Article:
Alternative Care for Children

MEASURE Evaluation is working to enhance the capacity of governments to assess, address, and monitor alternative care in four countries: Armenia, Ghana, Moldova, and Uganda.

All children should live in a supportive, protective, and caring environment that helps them develop their full potential.

In 2009, it was estimated that globally 80 percent of children living in orphanages or residential homes have at least one living parent.[1] Children live in institutional care because of extreme poverty, caregiver illness or disability, child physical and/or mental disability, the death of parents, or other circumstances.

The Guidelines for the Alternative Care of Children, endorsed in 2009 by the United Nations General Assembly, provide state obligations, as well as roles and responsibilities of other actors, to ensure that children are not unnecessarily separated from their families; that temporary or other permanent forms of care provide a supportive, protective care environment; and that children living in residential care who have a family network can be reunified and reintegrated.

MEASURE Evaluation is working to enhance the capacity of governments to assess, address, and monitor alternative care in four countries: Armenia, Ghana, Moldova, and Uganda. Our work follows the best practices set out in the guidelines.

Our work is guided by the Displaced Children and Orphans Fund of the United States Agency for International Development (USAID). The fund is housed within USAID’s Center of Excellence on Democracy, Human Rights and Governance (part of the Bureau for Democracy, Conflict and Humanitarian Assistance), which provides financial and technical assistance for the care and protection of vulnerable children. Our work is coordinated with the Better Care Network, an international network of organizations committed to supporting children without adequate family care around the world.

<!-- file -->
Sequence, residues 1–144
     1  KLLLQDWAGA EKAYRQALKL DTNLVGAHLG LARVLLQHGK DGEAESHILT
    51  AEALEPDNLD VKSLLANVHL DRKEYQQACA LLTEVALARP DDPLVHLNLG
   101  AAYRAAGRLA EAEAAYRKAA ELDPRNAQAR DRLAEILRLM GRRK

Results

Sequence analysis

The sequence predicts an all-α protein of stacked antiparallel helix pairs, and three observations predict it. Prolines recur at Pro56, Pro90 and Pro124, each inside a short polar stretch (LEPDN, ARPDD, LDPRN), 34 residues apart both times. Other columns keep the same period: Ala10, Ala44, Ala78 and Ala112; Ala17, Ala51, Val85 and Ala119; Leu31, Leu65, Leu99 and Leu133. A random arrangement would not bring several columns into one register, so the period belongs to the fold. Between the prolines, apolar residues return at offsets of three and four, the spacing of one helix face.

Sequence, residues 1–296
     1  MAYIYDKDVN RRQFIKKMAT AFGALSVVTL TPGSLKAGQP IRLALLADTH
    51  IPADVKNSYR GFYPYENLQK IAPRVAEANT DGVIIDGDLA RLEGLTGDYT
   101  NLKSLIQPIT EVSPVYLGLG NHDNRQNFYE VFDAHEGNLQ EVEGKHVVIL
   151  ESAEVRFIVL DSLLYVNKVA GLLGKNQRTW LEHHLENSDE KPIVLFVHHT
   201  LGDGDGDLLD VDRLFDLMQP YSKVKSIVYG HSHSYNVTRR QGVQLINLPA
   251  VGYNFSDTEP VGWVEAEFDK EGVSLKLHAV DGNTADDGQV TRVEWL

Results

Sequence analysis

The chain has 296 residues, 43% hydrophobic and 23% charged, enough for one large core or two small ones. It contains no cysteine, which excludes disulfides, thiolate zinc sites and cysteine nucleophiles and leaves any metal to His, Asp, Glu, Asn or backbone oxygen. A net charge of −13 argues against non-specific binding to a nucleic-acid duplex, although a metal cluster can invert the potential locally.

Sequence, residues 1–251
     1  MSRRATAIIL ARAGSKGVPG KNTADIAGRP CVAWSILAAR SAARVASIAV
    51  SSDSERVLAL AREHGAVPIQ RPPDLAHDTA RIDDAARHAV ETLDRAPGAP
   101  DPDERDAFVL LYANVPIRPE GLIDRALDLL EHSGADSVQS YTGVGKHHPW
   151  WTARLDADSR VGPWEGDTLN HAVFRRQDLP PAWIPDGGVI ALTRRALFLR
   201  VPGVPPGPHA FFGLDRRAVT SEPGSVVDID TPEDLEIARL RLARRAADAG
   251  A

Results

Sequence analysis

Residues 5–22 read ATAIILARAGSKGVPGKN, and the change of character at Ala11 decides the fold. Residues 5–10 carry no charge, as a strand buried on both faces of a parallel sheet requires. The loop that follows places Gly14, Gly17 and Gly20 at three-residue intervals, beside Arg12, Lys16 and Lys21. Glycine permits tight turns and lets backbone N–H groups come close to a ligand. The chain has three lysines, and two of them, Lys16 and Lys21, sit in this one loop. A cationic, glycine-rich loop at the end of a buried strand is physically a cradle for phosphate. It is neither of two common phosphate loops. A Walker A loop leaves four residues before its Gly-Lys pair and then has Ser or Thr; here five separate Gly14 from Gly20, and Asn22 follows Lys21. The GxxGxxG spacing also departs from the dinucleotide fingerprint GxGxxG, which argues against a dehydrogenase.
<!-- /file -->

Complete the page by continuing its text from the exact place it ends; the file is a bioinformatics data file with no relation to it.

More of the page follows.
In each of the four countries, MEASURE Evaluation is working with a core team—comprising lead government representatives, civil society representatives, and other partners—to enhance country capacity to assess progress on national care reform and set future priorities, and to strengthen country skills in collecting and using data to inform the strategic management of alternative care for children.

ACPA Graphic

Countries Where We Work on Alternative Care for Children

Armenia (Alternative Care in Armenia)

Moldova (Alternative Care in Moldova)

Alternative Care in Ghana

Alternative Care in Uganda

Related Content

Alternative Care for Children Newsletter (March 2019)

Alternative Care for Children Newsletter (November 2018)

Alternative Care for Children Newsletter (April 2018)

Care Reform Workshop Report

Care Reform Workshop Agenda

Improving Care for Vulnerable Children

Tool for Assessing, Addressing, and Monitoring National Alternative Care Systems

 


[1] Csáky, C. (2009) Keeping children out of harmful institutions: Why we should be investing in family-based care. London, UK: Save the Children. p7; Better Care Network. (2009). Global facts about orphanages.